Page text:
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ADJTIMEX 

I will assume you have already read the man page for adjtimex :-)


BACKGROUND

You probably already know that your computer has two clocks - the "real
time clock" (RTC) that runs all the time, and the system clock that runs
only while the computer is on.  The system clock has much better
precision (approximately 1 usec), but the RTC probably has better
long-term stability.  adjtimex can be used to approximately correct the
system clock for drift.

The handiest reference clock is the RTC.  

	adjtimex --compare

shows the time, the difference between the two clocks, the first
difference (how much the system clock has gained or lost relative to
the RTC since the last check), and two kernel time parameters: tick
and frequency offset.  After the first two comparisons, it also prints
suggested values of tick and frequency offset that will adjust the
system clock to approximately agree with the RTC.  Of course, the RTC
may have a systematic error of its own.  clock(8) or hwclock(8) use
the file /etc/adjtime to record the drift rate and the time since the
RTC was last set.  adjtimex also consults this file and applies the
correction to the times from the RTC.

adjtimex can also record the times on both clocks, and optionally
another reference time, in a log.  It can later compare the logged
time and estimate drift rates.


INSTALLATION

Type "./configure" to configure, "make" to compile, then "make
install" to copy the binary to /usr/local/bin, and the man page to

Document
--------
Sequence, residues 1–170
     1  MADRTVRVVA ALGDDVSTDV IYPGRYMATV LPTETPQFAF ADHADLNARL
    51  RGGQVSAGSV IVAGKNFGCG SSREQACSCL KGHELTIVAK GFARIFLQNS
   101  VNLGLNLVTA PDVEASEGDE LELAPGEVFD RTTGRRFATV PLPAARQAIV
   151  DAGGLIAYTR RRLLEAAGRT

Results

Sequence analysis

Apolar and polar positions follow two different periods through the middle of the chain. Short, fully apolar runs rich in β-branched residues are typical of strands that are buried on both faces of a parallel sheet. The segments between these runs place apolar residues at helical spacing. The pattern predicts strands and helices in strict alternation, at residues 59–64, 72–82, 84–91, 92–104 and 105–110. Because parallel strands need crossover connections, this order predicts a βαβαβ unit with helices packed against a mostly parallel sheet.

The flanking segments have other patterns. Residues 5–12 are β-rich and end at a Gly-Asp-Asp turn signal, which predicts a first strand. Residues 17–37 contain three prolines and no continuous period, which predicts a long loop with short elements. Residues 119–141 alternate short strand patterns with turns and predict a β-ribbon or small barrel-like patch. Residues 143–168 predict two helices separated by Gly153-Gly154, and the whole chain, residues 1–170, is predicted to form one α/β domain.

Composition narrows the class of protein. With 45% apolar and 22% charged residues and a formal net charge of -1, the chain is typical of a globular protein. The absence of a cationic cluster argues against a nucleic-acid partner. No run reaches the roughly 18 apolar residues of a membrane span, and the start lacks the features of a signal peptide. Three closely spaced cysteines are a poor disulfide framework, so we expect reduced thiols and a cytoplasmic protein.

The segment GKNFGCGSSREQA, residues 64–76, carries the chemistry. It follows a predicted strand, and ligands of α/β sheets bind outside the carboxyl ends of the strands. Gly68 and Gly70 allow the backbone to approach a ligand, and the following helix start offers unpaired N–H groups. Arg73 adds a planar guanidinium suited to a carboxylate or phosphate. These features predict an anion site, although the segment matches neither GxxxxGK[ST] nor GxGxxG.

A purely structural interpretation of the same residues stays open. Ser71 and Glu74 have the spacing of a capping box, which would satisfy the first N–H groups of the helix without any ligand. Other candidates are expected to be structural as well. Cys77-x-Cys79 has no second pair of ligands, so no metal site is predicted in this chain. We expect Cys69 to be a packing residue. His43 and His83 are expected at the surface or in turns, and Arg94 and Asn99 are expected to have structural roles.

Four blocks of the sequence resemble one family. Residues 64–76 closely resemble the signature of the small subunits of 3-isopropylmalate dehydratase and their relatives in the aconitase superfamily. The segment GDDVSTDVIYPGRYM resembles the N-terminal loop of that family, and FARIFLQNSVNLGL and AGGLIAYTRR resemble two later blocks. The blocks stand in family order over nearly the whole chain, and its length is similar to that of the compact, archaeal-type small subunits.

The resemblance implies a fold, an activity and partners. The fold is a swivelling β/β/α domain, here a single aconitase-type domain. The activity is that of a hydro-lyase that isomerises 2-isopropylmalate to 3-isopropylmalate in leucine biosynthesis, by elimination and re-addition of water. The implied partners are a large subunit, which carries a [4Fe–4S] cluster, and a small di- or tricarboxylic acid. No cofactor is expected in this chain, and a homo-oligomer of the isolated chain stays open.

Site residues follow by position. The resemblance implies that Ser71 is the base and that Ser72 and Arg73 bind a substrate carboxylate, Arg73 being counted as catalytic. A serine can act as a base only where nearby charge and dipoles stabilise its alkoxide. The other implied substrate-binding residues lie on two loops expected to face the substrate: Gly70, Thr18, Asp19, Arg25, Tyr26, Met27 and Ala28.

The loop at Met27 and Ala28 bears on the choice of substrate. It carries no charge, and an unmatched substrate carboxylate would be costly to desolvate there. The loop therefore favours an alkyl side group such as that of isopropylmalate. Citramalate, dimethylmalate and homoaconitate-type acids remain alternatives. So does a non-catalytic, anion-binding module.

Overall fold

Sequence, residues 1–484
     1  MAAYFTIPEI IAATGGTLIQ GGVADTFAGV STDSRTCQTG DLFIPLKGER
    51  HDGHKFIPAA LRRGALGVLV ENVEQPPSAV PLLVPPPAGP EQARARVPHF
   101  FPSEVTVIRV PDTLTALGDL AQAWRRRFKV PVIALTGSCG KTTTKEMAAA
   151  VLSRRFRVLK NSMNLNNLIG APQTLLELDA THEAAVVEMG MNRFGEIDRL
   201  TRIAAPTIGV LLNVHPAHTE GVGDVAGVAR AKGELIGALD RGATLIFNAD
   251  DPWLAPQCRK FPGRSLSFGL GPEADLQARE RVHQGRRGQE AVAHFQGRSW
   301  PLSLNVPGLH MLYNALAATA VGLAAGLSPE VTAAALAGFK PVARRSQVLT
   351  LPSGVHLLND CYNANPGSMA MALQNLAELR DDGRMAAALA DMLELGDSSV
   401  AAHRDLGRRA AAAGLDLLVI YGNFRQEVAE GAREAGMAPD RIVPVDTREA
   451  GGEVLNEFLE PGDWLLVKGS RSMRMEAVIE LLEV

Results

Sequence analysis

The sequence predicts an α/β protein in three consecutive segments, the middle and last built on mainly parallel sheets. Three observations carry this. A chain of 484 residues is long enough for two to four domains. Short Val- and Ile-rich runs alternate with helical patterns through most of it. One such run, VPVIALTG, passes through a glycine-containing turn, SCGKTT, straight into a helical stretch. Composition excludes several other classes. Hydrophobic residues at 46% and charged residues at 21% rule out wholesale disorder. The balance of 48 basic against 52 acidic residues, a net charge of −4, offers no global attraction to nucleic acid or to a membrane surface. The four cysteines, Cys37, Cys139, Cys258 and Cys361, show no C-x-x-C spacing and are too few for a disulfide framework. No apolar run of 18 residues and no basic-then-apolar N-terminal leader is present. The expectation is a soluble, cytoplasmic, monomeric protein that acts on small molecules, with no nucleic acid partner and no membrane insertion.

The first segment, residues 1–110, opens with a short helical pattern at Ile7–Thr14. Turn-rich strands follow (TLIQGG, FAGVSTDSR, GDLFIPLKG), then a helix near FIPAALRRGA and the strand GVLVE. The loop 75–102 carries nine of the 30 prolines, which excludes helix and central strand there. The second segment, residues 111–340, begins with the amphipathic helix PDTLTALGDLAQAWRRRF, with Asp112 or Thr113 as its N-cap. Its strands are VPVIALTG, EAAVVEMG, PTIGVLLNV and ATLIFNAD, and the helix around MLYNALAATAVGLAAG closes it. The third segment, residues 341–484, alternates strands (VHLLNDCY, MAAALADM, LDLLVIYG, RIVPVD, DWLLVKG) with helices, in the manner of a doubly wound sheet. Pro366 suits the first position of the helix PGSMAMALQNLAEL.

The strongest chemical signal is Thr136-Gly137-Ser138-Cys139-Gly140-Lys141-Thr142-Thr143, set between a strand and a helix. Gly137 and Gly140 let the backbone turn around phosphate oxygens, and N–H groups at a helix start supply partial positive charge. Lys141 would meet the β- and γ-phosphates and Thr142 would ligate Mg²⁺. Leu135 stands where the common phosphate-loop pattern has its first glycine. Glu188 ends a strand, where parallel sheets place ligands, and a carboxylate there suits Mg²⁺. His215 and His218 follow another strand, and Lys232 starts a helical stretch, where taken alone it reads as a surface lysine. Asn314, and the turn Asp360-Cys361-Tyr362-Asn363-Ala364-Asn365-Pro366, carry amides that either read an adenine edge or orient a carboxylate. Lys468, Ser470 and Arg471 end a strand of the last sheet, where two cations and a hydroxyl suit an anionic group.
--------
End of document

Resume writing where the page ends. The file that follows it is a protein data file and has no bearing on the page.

/usr/local/man/man8.  If you want the program installed in /usr rather
than /usr/local, start with "./configure --prefix=/usr".


ASIDES

You will have to log in as root for most of the following.

The standard kernel will leave the RTC alone only until one of the
time parameters is set (using adjtimex, for example).  Then it thinks
ntpd is regulating the system time, and it starts "correcting" the
RTC approximately every eleven minutes.  adjtimex prevents this by
setting the time after setting any parameter.  It does not actually
change the time.


USAGE

The file /etc/adjtime is used to correct for systematic error in the
RTC.  Set it up as explained in the man page for hwclock(8).  Otherwise,
without /etc/adjtime, adjtimex assumes that the RTC is already perfect.
The latest version of hwclock(8) from Bryan Henderson can be found at
<URL:http://giraffe-data.com/software/about_hwclock.html>.  An older
version is included (along with a lot of other useful utilities) in the
util-linux collection.

I'll explain the manual procedure first.

Compile and run adjtimex with the --compare switch.
Suppose the result is:

	# adjtimex --compare
	794625929   -0.597638 -0.597638  ...
	794625939   -0.602050 -0.004412  ...
			      ^^^^^^^^^
This number says the system clock lost over 4 msec in just 10 sec with
respect to the RTC, or 4 parts in 10000.  Therefore, we increase the
tick parameter to 10004, and repeat the comparison:

	# adjtimex  --tick 10004
	# adjtimex --compare
	794626037   -0.644860 -0.644860  ...
	794626047   -0.645259 -0.000399  ...

Now the system clock is slow by about 39.9 parts per million.  We can
change the frequency offset to fix this.  Recall that the frequency
offset is in parts per million, with the fraction point in the center
(16 bits on either side).  Therefore, we set the offset to 39.9*65536 =
2614886:

	# adjtimex  --frequency 2614886
	# adjtimex --compare